Trees: Guarantee for a Healthy City

For: Diana Pastor

The Covid-19 pandemic made evident that one of the most valuable riches for human beings is the joy of being able to breathe, and in our daily lives, to breathe clean air; our most important allies are trees.  However, it seems that the municipality of Quetzaltenango does not have the same opinion, since for the execution of its projects, in the past few months a large number of trees have been cut down for new construction.  The felling of trees has been a normal situation with past city administrations; however, in 2020, with the arrival of Juan Fernando Lopez, the cutting increased disproportionately, which has been the object of contention between the government and the population.

Trees, in addition to being important elements in the city’s landscape, provide a number of environmental, aesthetic, scenic, recreational, social and economic benefits.  They have helped the city for years to absorb carbon dioxide, the main contributor to global warming, cleaning the air and acting as filters, returning clean oxygen.  Furthermore, they serve as an excellent natural heat regulator.  Due to the shade and the evaporation released by their leaves, they are able to lower the environmental temperature between 2 and 8 degrees centigrade on hot days and can even regulate humidity and wind. 

Other benefits of trees include – depending on their location and quantity – improved soil and the regulation of the water cycle, helping to reduce the volume of the water currents during rainfall and avoiding the risk of possible floods.  They increase urban biodiversity by hosting various animal and plant species.  Similarly, they embellish the city increasing its attraction, thus improving the potential and commercial value of homes and businesses.  So, if they are so beneficial, why are they cutting down so many trees lately?

Guillermo Monterroso, director of INAB in Quetzaltenango, explains that many of the species that are in the city (especially in flowerbeds), are not suitable for a metropolis.  Trees such as cypress and different types of pine have very strong roots that can easily break through pavement or asphalt.  He explains: “When the streets suffer damage or city work is done, the tree roots are normally cut or eliminated to prevent damage to the new infrastructure.  It is there that they lose anchoring and any strong wind caused by some climate phenomenon can affect them, causing them to fall.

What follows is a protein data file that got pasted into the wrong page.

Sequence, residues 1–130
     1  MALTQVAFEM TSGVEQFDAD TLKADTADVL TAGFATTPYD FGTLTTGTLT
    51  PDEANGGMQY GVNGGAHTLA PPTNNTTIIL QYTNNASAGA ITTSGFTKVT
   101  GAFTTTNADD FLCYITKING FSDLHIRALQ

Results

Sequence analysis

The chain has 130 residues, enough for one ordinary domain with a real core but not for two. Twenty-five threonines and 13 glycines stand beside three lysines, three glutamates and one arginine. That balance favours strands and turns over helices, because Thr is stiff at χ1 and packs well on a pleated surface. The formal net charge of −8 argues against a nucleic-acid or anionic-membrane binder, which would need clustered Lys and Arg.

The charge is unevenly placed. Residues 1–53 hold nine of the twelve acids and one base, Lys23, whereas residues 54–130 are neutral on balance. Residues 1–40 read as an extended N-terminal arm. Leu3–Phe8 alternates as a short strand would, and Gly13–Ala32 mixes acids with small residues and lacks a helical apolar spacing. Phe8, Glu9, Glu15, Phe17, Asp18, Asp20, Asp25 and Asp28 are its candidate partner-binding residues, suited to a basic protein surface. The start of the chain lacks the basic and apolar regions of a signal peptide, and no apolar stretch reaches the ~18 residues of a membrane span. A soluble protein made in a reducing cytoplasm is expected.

Monterroso indicates that the problem with trees in Quetzaltenango is not just about having inadequate species planted, it is also due to maintenance, which for years, trees have lacked.  He mentions, “There are many trees that could have been pruned and cleaned in their early years…early on you can start the pruning and determine its height”.  In addition to the lack of maintenance, cutting illegally or in suspicious circumstances is a problem more common than it seems.  In 2019 for example, several trees located in Zone 3 in Quetzaltenango, in the intercultural center area, were cut without having permission or a license to do so.  In 2016, a hundred-year-old tree was cut “by mistake” while a well-known shopping center was being constructed between Esperanza and Quetzaltenango.

Clearly, the city hasn’t implemented a comprehensive reforestation project, since on occasion, there’s a long time between the cutting of an old tree and the planting of a new one, or worse, another one is never planted;  Nor does it monitor the growth of planted trees and other times species are introduced that are not adequate to the city’s needs.  “Here in Guatemala – says Monterroso – we have the privilege of having many types of wood that grow more quickly than in other countries.  In addition, he says, “Small ornamental trees have been introduced that grow more slowly and are not sufficient for a large city like Quetzaltenango”.

And don’t miss in our next issue our article: “Bicentennial Parks: Community Benefit or Government Business?”